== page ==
Take care
David
 
 
Instructor Teaching and Student Study Site: https://study.sagepub.com/chandler4e
Strategic CSR Simulation: http://www.strategiccsrsim.com/
The library of CSR Newsletters are archived at: https://strategiccsr-sage.blogspot.com/
 
 
Wondering Where to Put All the Rubbish China Now Rejects
By Kimiko de Freytas-Tamura
January 12, 2018
The New York Times
Late Edition – Final
A8
 

Wednesday, January 17, 2018

Strategic CSR - Faith

 
 
Welcome back to the Strategic CSR Newsletter!
The first newsletter of the Spring semester is below.
As always, your comments and ideas are welcome.
 
 
The article in the url below (published on Christmas Day), in broad terms, discusses the role of religious faith vs. scientific proof. In the process, the author (a senior fellow at the Ethics and Public Policy Center) describes his own religious journey, but makes a number of points that are of value to believers and non-believers alike. First, he distinguishes the roles in our lives played by faith and reason, arguing that faith is essential because it relies on aspects of life that are beyond easy empirical demonstration, such as trust:
 
"Perhaps the key to understanding why faith is prized within the Christian tradition is that it involves trust that would not be needed if the existence of God were subject to a mathematical proof. … Every meaningful relationship — parent-child, spouse to spouse, friend to friend — involves some degree of trust. It is better and more vivifying to be the object of someone's trust rather than the last person standing after a series of logical deductions."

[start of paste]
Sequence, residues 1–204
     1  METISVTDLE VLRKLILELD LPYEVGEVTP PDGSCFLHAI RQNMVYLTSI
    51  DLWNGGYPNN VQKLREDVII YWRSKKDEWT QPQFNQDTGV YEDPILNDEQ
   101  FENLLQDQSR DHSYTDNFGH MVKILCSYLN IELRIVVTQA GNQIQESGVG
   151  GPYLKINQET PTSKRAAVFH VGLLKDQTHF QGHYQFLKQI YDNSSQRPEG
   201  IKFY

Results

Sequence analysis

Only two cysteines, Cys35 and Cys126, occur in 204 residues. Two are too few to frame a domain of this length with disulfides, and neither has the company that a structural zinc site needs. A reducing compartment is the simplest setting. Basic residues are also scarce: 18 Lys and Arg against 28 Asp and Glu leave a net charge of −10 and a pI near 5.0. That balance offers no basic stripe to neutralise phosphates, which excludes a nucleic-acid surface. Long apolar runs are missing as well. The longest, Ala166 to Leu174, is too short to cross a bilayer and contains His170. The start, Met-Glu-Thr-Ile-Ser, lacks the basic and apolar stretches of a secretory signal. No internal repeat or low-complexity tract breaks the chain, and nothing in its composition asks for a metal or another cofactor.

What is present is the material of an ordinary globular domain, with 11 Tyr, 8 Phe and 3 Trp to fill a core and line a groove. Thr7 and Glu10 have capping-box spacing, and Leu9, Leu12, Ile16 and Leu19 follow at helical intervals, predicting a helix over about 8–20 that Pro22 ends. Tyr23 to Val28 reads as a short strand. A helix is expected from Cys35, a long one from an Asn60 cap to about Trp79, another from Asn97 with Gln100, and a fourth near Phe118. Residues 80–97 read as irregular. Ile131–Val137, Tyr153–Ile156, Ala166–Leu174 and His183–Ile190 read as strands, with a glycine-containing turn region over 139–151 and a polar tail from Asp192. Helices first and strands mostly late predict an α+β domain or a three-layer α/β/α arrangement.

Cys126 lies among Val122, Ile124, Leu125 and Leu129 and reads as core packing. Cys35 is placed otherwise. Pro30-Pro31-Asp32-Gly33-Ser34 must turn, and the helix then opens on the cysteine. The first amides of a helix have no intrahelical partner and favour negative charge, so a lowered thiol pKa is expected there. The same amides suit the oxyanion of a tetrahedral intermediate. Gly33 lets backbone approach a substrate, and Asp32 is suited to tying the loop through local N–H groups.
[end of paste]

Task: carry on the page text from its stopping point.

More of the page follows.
Although faith and reason are independent, they are also related – in other words, to accept faith is not to reject doubt:
 
"For many of us, shadows of doubt coexist with faith. To emphasize faith … is precisely to take doubt seriously, but also to understand the doubter more completely — not just as a reasoning mind but as a full person, possessed of a divine spark that lets us see, now and then, right through the walls we have built between faith and reason."
 
On a more practical level, the author makes the important point that to be a non-believer is just as much an article of faith as it is to believe:
 
"If it seems like that's asking too much — if you think leaps of faith are for children rather than adults — consider this: Materialists, rationalists and atheists ultimately place their trust in certain propositions that require faith. To say that truth is only intelligible through reason is itself a statement of faith. Denying the existence of God is as much a leap of faith as asserting it. As the pastor Tim Keller told me, 'Most of the things we most deeply believe in — for example, human rights and human equality — are not empirically provable.'"
 
Most important to the CSR debate, however, he highlights the complementary role that faith and reason play in making sense of life. Faith is important because it speaks to meaning and purpose in ways that reason cannot: